Biggest change for Clarkson: expecting to win

Clarkson has pursued a season unlike almost any other in ECAC Hockey. It’s not their fortunes or their superlatives that have set the Golden Knights apart, but their immensely intimidating docket.

The Knights have played three of their non-conference games against Nebraska-Omaha and Minnesota-Duluth — each of which has earned first-place votes at one point or another this year. They played St. Cloud State in Omaha, Air Force and Lake Superior State in Denver, and — just for fun — threw in a non-conference game at a neutral site against the one team that would know Clarkson best: St. Lawrence.

Goaltender Paul Karpowich (Clarkson - 33) makes a save during the first period of Clarkson's 5-3 victory over Princeton. (Shelley M. Szwast)
Paul Karpowich and Clarkson have eyes on a first-round bye in the ECAC Hockey playoffs (photo: Shelley M. Szwast).

Wouldn’t you know it, ‘Tech has survived all of it, and now gets to meet the real challenge: the heart of the league schedule. At 6-2-0 in their last eight ECAC contests, that should be a piece of cake.

“I was pleased with our stretch. Other than the Union game … I thought we played hard five out of [our last] six games,” said coach George Roll. “In the last six road games in our league, we’ve gone 4-2 in those games, so I like the identity of our team. I’m really pleased with the direction of the program right now.”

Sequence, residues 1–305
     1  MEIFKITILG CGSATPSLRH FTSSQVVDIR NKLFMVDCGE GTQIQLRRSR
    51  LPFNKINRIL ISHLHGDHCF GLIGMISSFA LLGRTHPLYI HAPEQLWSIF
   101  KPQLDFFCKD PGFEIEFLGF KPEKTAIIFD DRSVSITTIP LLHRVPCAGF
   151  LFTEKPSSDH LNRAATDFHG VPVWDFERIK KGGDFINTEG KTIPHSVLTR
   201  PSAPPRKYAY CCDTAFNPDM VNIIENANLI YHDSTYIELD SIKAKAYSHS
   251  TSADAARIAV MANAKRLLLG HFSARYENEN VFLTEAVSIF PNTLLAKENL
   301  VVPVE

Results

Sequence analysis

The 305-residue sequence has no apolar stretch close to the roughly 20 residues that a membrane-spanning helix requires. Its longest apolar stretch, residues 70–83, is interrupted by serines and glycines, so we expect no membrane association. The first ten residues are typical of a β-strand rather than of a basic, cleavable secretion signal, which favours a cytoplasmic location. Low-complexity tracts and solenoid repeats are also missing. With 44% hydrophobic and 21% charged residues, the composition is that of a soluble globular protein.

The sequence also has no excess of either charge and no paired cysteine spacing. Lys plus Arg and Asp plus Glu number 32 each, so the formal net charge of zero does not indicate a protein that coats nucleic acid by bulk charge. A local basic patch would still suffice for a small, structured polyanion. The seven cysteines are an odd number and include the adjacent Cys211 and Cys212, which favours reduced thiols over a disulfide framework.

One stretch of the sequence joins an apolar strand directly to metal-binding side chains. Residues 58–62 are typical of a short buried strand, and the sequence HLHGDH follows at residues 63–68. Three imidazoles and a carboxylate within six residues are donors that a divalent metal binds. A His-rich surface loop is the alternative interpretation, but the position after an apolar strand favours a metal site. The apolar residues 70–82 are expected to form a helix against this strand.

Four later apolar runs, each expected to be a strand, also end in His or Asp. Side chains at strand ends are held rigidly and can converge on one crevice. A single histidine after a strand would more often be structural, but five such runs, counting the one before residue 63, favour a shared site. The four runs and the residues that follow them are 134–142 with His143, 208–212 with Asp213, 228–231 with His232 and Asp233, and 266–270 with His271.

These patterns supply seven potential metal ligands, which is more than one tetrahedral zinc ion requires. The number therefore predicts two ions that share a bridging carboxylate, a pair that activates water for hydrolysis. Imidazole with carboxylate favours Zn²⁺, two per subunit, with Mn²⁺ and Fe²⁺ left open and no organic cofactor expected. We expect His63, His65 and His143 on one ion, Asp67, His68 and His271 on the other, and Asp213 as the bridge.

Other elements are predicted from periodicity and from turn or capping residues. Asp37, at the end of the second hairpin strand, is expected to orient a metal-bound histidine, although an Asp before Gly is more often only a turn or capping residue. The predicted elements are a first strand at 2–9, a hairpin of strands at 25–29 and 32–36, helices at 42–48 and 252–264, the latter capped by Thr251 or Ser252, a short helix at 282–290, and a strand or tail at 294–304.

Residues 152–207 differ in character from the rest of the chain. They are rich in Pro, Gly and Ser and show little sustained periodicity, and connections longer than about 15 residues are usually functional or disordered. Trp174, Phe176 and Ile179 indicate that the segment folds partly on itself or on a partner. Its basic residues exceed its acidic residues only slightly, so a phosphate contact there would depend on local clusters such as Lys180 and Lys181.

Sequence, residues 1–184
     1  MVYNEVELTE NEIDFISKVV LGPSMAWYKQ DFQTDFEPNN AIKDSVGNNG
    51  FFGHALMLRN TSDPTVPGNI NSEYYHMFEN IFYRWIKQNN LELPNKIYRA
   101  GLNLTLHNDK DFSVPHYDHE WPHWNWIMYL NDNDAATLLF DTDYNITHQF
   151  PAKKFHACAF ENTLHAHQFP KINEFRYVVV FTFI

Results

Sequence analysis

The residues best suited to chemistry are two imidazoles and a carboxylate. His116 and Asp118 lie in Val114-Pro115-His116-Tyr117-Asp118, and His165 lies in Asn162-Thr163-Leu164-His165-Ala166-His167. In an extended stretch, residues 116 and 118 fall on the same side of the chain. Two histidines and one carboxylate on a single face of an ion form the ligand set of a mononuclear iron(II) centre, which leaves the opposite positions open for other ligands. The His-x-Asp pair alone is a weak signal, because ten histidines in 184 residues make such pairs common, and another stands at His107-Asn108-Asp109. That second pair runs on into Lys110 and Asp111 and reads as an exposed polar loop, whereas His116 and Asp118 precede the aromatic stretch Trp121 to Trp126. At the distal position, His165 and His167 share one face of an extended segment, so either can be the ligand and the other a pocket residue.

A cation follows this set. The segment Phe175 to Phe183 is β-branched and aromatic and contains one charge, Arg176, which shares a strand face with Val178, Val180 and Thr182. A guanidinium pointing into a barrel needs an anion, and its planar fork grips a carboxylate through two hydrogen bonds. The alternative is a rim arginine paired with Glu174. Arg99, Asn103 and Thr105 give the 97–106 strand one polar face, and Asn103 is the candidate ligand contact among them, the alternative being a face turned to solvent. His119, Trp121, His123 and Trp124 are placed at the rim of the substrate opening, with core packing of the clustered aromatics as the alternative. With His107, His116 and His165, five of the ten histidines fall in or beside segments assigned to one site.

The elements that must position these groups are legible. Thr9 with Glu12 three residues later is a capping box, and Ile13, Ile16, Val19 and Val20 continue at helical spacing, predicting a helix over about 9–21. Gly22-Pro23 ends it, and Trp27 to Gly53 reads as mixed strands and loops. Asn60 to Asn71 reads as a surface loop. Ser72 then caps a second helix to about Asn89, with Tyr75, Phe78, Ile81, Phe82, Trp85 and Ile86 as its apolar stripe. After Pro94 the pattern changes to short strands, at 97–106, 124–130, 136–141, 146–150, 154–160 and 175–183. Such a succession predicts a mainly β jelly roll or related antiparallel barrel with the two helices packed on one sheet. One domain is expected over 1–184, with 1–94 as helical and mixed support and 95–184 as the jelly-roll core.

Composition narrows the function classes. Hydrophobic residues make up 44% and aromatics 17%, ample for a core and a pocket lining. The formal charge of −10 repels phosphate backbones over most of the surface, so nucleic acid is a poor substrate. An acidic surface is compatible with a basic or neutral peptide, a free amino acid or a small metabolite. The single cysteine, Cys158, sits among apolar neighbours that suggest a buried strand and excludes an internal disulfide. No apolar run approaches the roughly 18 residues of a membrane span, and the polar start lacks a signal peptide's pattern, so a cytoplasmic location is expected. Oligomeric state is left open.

One of the team’s biggest problems approaching the holiday break was the power play, which barely registered on the stat sheet for the Knights’ first dozen-plus games. It’s not setting the world on fire now, either, but hey, 11.2 percent beats low-single-digits any day of the week.

“The percentage on the power play has improved, and the big thing for me is generating opportunities, and we’ve done that,” said Roll. “I think we’ve gotten better in that area. Our penalty killing has been strong all year, our power play has gotten better … we’ve scored six short-handed goals and only given up one. Overall, I think there’s always room for improvement, but in the last couple weeks, it’s come to life a little bit. We’re generating chances on just about every one.”

One of Roll’s other primary challenges has been in replacing the productivity of rookie sniper Ben Sexton, lost in his sixth game with a broken leg and still a few weeks out from game shape.

“He’s still two to three weeks away. I talked to [Boston College coach Jerry] York yesterday; [former Eagles forward] Brock Bradford had the same injury, and I think he came back too early,” Roll stated, after consulting his former coach from his playing days at Bowling Green. “You may recall he broke it in his first or second game back. Jerry couldn’t recollect exactly how many weeks he was out — thought it was around 10 — he came back, they thought it was healed, and it’s not so much the bone that needs to heal, but the muscle surrounding it.